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Interesting points from ‘Futures of Technology in Africa’

November 26, 2010  »  Mobile & WebNo Comment

Capacity of fibre-optic cables by region. Click to enlarge. {STT 42}

Futures of Technology in Africa, a book recently authored by Jasper Grosskurth and published by STT Netherlands Centre of Technology Trends, comes after three years and hundreds of conversations on the subject of African technology. The results touch on the dynamic nature of African economies, business, infrastructure, mobile, energy, and more. Interesting and useful information jumps off every page. Below are some of the notable points regarding the study’s conclusion of Africa’s ICT futures:

On the difficulty of quantifying African trends and statistics:

  • Margins of data error are often 30-40% (15)

On the equal attention given by global media to small events and megatrends:

  • In international publications on Africa, little difference is made between inspiring, but small-scale, individual ideas and pan-African megatrends. The installation of a containerized classroom of computers in rural Ghana is reported in the same manner as the massive leaps in connectivity that Africa is undergoing. The first affects the lives of a small community and requires an investment of several thousand US dollars, the second affects the lives of the majority on the continent and requires an investment of several hundred million US dollars. However, a picture of a group of children sitting behind a computer, or better even, smiling and waving at the camera, is much easier to publish than one of a cable and a dark bungalow of transmitters. In terms of future impact and in terms of timelines, this book distinguishes four levels: concepts, seeds of change, trends and megatrends. (36)

On how stats (with error) vary by country:

  • Depending on the source and definition, 30–40% of the population are mobile phone users, ranging from more than 90% in South Africa to less than 5% in Zimbabwe. (40)

On broadband cable growth:

  • By 2013, Eritrea and Western Sahara will be the only two countries without direct access to a data cable. (43)

On providing power for large clusters of servers (such data centers are unlikely in the near future for most nations):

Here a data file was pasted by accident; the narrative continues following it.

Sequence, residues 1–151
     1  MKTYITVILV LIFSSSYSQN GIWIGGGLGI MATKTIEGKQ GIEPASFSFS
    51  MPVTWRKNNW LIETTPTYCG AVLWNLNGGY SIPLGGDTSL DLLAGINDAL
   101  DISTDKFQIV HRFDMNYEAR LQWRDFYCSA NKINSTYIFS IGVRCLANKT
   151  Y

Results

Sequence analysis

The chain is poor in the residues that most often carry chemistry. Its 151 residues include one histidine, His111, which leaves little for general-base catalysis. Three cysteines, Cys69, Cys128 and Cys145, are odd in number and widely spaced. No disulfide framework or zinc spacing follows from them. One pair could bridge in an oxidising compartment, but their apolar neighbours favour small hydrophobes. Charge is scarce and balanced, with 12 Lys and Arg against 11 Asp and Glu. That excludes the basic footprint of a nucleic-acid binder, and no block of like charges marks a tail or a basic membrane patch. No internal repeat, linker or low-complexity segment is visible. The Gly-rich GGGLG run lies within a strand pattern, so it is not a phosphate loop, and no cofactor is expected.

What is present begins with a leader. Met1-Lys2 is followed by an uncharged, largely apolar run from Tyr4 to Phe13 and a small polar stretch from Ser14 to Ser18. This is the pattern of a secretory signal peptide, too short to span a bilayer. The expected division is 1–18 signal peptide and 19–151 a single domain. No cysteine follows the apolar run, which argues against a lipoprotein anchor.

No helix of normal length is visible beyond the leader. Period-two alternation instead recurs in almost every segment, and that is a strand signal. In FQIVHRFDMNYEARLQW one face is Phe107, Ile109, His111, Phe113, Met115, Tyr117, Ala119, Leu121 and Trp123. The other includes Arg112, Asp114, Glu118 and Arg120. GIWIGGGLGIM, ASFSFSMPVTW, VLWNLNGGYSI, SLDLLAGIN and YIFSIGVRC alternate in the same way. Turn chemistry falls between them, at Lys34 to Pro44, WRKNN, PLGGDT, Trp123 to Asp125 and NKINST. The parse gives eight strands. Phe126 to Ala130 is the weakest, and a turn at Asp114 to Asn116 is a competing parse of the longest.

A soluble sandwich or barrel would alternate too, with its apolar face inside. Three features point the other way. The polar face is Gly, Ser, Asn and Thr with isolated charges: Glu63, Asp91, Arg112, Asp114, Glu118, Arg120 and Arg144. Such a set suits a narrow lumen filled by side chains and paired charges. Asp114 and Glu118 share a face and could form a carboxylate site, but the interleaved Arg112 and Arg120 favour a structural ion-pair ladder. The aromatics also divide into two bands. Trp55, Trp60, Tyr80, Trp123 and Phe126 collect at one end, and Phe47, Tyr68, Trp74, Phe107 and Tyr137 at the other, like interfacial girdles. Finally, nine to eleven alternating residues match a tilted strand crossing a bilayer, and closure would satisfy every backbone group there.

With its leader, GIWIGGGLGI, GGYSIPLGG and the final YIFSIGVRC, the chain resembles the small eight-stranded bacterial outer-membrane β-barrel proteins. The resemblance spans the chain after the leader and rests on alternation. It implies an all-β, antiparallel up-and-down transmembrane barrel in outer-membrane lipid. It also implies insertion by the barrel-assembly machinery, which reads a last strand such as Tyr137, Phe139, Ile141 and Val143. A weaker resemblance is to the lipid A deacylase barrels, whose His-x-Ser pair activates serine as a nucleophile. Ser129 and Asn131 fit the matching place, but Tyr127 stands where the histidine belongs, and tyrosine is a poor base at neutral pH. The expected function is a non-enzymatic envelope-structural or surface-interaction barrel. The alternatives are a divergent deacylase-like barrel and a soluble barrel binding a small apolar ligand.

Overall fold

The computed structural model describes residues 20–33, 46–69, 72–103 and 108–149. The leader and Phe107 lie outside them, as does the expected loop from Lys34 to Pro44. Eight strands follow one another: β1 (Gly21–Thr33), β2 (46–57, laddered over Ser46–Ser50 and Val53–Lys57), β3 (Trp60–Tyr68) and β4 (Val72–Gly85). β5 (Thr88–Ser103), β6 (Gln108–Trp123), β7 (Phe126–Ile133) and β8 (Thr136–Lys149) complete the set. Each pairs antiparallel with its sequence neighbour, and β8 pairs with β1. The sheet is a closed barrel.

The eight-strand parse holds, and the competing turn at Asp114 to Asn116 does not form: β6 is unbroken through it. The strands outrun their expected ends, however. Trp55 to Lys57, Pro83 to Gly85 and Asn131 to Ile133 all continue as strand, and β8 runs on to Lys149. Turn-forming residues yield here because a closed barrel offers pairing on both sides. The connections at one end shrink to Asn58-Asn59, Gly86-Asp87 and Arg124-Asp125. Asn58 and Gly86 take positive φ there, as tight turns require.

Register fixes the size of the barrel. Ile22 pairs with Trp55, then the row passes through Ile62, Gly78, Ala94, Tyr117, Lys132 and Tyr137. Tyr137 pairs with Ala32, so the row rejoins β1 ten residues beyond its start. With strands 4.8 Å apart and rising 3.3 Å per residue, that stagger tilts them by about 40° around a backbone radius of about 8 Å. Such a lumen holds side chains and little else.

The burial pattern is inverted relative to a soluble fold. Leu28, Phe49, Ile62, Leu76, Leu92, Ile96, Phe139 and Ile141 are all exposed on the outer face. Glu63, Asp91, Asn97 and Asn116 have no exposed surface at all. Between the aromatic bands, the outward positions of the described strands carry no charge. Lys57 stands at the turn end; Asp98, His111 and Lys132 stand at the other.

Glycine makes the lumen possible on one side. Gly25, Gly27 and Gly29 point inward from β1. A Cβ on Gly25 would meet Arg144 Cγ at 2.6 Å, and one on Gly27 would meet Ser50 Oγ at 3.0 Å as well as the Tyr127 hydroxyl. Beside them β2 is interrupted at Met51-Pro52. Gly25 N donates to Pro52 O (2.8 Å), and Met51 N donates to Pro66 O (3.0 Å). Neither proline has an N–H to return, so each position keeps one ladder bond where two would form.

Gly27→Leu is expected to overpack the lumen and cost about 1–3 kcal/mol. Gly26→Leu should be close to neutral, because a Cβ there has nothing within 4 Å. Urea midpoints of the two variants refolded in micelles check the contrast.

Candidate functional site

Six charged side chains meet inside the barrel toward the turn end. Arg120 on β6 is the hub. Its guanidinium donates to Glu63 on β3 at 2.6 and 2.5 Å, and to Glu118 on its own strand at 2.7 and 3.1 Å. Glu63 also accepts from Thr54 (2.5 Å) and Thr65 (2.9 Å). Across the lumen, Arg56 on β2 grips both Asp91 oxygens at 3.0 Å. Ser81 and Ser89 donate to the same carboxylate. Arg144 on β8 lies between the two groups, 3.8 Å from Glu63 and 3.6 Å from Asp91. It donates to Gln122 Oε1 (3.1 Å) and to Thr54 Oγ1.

• A typical Google data centre requires a reliable electricity supply of 30MW. In 2009, the country of Rwanda with its 10.5 million inhabitants had a maximum power supply of 69MW, including 30MW of leased diesel generators, rendering the idea of establishing a data centre an impossibility. (46)

An anecdote speaking to how technology increases political freedom and empowers citizens:

  • It is said of Sudanese mobile phone pioneer Mo Ibrahim that he considered it impossible to keep a dictatorship in place in a country where mobile penetration had reached a certain threshold. The ability of people to exchange information freely would itself be a democratizing factor. (47)

Although mobile penetration may be high, many phones do not provide intuitive web access:

  • As a rough estimate, about 2% of African phones could be classified as smartphones with user-friendly mobile web capabilities. (48)

On the challenges of learning about the Internet by using mobile rather than a conventional computer:

  • Simon Dingle: If people haven’t used the internet on a computer, it’s very difficult to conceptualize what it is and how it works andhow to use it. (48)

On up-and-coming trends:

  • New trends: low data costs that fuel business and reliable information as more individuals come online. (56)

On continental voice, money, and data networks:

  • For the first time in the continent’s history, a truly transcontinental infrastructure exists, covering north, south, east and west, coasts and hinterland. However, the mobile phone network will not remain the only such network for long. At least two more ICT-based networks are about to reach all corners of Africa: a money transfer network and a data transfer network. (134)

On negative consequences of technology in Africa:

  • Continental networks will be used to incinerate conflicts, organize crime, exclude groups and denounce individuals. As everywhere else in the world, privacy will be violated, debts will be incurred, media addiction will occur, pornographic material will be accessible for children. (134)

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